The HPV vaccine effective in the fight against cervical cancer



“This study is fundamental and encouraging, rejoices Richard Villet, president of the oncology commission of the National Academy of Medicine. It will give arguments in favor of vaccination, which is effective and necessary. ” He welcomes the publication by the scientific journal The Lancetof a study which confirms the drop in cases of cervical cancer among people vaccinated against the papillomavirus, the sexually transmitted virus that causes 100% of cancers of this type.

Carried out on a cohort of several thousand British women eligible for vaccination since 2008, the study “Provides the first direct evidence of the effect of human papillomavirus (HPV) vaccination on the frequency of cervical cancer”, explain the authors.

Their results show a reduction in cervical cancer of over 87% among 12-13 year olds and over 62% for 14-16 year olds. For Emmanuel Ricard, delegate for the prevention and promotion of screening at the League against cancer, the publication “Completes the demonstration of the relevance of the vaccine and warns of the importance of vaccination for the protection of all”.

Prevention of other cancers

In France and the United Kingdom, the vaccine is available to young girls aged 11 to 14, with a possible catch-up up to 18 years, and recently to boys of the same age.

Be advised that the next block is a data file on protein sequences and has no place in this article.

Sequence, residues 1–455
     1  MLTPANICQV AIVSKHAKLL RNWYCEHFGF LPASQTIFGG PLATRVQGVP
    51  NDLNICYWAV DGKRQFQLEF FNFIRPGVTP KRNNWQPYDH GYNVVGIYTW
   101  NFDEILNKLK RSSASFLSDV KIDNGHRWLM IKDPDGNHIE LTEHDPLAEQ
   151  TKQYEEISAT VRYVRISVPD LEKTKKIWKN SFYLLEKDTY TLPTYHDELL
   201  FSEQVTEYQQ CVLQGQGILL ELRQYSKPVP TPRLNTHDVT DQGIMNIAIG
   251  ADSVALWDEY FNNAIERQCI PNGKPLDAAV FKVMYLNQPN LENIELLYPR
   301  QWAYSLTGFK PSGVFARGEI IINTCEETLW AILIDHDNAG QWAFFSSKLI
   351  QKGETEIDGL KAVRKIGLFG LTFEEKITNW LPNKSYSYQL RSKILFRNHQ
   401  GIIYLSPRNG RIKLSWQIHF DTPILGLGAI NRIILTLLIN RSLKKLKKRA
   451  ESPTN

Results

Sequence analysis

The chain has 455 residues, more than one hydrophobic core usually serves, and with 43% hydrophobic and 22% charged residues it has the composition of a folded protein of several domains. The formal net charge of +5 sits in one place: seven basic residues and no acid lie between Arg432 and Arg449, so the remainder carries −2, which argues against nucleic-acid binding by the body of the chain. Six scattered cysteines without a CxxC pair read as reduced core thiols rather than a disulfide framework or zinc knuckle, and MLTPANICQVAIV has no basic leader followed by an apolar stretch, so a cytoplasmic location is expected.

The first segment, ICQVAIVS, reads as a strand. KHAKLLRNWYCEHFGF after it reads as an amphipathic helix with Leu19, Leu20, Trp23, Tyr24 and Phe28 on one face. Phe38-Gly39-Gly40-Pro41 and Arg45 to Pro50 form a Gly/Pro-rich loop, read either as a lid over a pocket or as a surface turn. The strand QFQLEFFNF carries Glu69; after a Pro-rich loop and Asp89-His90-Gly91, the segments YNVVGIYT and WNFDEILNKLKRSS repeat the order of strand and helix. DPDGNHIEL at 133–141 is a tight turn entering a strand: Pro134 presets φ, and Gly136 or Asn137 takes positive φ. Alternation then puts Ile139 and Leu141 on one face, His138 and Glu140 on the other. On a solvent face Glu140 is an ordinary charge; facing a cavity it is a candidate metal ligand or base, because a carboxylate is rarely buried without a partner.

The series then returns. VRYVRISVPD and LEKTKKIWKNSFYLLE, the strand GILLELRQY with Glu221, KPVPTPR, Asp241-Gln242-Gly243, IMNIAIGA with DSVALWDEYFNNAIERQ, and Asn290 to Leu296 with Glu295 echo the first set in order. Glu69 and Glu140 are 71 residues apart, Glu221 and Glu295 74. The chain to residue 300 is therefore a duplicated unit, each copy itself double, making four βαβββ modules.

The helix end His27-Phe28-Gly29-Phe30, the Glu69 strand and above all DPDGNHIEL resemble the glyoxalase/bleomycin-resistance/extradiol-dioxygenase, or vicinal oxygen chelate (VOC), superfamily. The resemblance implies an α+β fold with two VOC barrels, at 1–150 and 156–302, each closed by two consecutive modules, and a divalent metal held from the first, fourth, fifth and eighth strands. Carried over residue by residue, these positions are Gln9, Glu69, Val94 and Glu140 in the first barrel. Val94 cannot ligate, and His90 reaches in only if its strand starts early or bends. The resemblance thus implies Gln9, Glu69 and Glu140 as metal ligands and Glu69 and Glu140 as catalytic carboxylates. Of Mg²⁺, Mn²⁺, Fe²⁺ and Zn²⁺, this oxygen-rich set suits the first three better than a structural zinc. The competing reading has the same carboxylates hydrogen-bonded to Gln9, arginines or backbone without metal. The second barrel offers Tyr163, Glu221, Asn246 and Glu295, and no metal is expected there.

→ READ. Papillomavirus vaccine extended to boys

Injection of both doses is recommended before the first sexual intercourse, “Where most papillomavirus infections are contracted, which in 10% of cases can turn into cancerous lesions”, explains Yves Buisson, epidemiologist at the Academy of Medicine. “The HPV vaccine prevents the virus from entering the mucous membranes and stops both benign and malignant infections. So we stop dead the development of lesions and future cancers ”, reports the professor.

In addition to acting against cancer of the cervix, which affects 3,000 French women every year and causes the death of a thousand, the vaccine also prevents cancers of the anus or oral cavity caused by papillomavirus infection.

Low immunization coverage

If the authors of the study wish to continue their work over time to confirm their results, Emmanuel Ricard already hopes that these will be the source “A new wave of French enthusiasm”. Despite the incentives of the High Authority for Health (HAS), the vaccination coverage rate of young girls did not exceed 24% in 2018. Eligible since 2020, young boys are still very poorly vaccinated.

Faced with these figures which do not take off and a slight increase in mortality, Yves Buisson urges a wider promotion of the vaccine: “At 11 years old, children and their parents do not perceive the risk of the virus and the need to be vaccinated, because cervical cancer takes more than 10 years to develop after infection. The renewal of vaccination in France must go through the teaching of treating physicians and more information at school. “

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